A Brief Period of Rejoicing.
London in springtime was a triumph of life over adversity. Certainly there were gaps in the streets where houses or shops once stood but among the ruins were patches of colour, buddleia, rosebay willowherb and of course London pride. Flowers as resilient as the Londoners themselves. News that British and American troops had joined up with their Red Army comrades to take Berlin had come through some days before and the atmosphere was full of hope that soon this would finally be all over.
The damage did not seem as great along the Strand, but Peggy Carter knew that they had had their share of the bombing. It was just that they went out of their way to cover it over, to give an illusion of business as usual. She stopped outside the Savoy, brushed a little dust from her uniform, then went inside.
It was said that anybody who was anybody lunched at the Savoy. Churchill brought his cabinet there, Charlie Chaplin had done an impromptu performance of the ball dance from The Great Dictator back in '41 and, since D-Day, many of the Allied commanders could be found amongst its patrons. Today it hosted a group of men who would never be household names and who would probably be thankful for that. They looked somewhat out of place in their mixture of uniforms, American, British, Free French, but if not dress uniforms they were, for once, clean of the soil of battle.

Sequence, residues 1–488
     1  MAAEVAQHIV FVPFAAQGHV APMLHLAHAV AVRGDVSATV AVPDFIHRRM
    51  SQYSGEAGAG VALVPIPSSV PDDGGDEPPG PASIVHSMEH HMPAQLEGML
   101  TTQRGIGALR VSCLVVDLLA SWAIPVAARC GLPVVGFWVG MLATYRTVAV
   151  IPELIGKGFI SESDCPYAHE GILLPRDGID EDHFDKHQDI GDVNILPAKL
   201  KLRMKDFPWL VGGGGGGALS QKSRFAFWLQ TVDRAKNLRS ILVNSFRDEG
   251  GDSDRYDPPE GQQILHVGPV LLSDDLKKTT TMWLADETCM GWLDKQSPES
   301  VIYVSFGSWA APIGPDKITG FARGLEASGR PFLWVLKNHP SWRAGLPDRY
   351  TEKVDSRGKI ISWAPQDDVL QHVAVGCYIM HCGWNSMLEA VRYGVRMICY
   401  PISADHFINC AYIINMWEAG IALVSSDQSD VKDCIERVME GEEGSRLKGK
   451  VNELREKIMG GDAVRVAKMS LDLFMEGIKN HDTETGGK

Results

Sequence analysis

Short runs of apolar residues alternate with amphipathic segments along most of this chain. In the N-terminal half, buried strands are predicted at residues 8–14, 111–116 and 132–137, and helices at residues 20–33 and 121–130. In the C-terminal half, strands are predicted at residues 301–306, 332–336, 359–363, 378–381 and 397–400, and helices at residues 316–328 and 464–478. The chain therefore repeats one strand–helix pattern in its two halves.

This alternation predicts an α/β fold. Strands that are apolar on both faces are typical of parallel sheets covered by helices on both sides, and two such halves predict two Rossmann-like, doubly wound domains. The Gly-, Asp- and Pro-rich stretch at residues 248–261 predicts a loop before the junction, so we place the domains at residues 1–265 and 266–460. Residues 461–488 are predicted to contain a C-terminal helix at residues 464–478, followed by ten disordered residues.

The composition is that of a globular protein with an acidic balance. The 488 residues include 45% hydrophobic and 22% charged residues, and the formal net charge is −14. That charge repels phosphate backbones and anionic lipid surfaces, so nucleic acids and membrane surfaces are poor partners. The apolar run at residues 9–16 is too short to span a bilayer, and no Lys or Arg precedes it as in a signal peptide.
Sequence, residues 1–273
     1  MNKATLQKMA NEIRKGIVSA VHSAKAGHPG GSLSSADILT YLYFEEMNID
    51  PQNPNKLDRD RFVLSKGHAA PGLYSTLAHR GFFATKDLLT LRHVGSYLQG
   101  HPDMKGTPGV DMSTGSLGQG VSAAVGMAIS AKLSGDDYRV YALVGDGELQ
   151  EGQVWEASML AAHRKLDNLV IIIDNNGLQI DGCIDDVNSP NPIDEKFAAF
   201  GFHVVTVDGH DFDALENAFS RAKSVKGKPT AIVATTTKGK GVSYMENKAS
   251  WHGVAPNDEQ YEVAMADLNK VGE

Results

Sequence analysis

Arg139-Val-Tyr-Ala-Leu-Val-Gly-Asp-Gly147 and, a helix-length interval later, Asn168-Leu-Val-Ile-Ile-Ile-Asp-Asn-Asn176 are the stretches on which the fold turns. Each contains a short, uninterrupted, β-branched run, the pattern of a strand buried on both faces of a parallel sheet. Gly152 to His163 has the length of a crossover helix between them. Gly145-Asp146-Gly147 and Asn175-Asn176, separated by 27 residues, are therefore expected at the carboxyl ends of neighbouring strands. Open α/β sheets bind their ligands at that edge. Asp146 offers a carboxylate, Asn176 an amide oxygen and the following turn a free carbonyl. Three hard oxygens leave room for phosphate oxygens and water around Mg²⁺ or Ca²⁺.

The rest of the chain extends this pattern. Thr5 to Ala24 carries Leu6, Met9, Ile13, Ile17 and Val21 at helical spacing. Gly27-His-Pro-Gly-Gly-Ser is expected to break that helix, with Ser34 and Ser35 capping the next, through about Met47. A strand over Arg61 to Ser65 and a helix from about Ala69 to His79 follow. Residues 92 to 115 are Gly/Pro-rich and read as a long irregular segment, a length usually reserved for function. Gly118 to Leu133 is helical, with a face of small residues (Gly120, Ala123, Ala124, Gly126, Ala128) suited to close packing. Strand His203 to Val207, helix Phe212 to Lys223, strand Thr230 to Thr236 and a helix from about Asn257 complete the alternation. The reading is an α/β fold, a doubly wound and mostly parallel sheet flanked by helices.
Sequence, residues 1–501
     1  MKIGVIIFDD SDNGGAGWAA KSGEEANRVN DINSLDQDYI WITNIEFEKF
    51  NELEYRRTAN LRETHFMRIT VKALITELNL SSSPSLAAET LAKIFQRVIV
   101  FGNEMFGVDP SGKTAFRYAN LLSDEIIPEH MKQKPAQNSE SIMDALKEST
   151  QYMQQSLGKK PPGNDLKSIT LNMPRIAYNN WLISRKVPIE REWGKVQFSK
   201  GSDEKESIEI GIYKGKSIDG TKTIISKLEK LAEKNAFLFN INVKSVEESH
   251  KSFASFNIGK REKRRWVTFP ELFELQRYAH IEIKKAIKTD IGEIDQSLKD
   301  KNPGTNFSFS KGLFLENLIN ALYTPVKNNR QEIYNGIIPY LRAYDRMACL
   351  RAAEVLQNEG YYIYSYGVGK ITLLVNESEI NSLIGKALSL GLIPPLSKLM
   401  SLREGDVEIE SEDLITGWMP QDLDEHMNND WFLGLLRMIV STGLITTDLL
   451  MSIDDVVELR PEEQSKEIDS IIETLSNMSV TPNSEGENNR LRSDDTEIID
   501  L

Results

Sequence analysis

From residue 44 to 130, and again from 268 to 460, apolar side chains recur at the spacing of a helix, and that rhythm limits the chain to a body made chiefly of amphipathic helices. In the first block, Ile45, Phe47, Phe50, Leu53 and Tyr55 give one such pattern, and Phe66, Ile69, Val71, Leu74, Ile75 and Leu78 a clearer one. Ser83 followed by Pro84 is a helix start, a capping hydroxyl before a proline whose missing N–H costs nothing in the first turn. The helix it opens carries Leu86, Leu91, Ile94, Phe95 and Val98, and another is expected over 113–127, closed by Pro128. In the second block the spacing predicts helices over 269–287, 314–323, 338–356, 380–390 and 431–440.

The big man with the handlebar moustache was the first to notice Peggy as she walked into the dining room. He leapt from his chair, sending it flying backwards and grabbed her in a hug that could crush the breath out of a man. Peggy gave back as good as she got. “And I've missed you too. Dum Dum. It must be all of three weeks since your last briefing.”
The remaining men rose more sedately and greeted Peggy in turn. She got hugs from Gabe and Jim while Jacques grabbed her by the shoulders and planted a kiss on each cheek. The remaining man, the one in British Battledress, reached out a hand for her to shake. She took it and pulled him into an embrace. “Come off it, Monty. There's no need to go all stiff upper lip with me.”
Greetings over, they returned to their table which had three empty seats.
“Nine?” Queried Peggy.
“Two of those are for the ones who can't be here.” Said Dum Dum sombrely.
“Steve and Bucky,” she thought. “And the third?”
“That would be for me.”
A young, blond woman wearing a black jacket over a short, pale blue dress tapped Peggy on the shoulder. Now it was her turn to jump from her seat.
“Jackie!” Grinning wildly, she grabbed the other woman and then, with an uncharacteristic lack of decorum, the two hugged and bounced on the spot for a moment while the Commandos sat drop jawed in amazement. Then they straightened their jackets and hugged again in a more dignified fashion.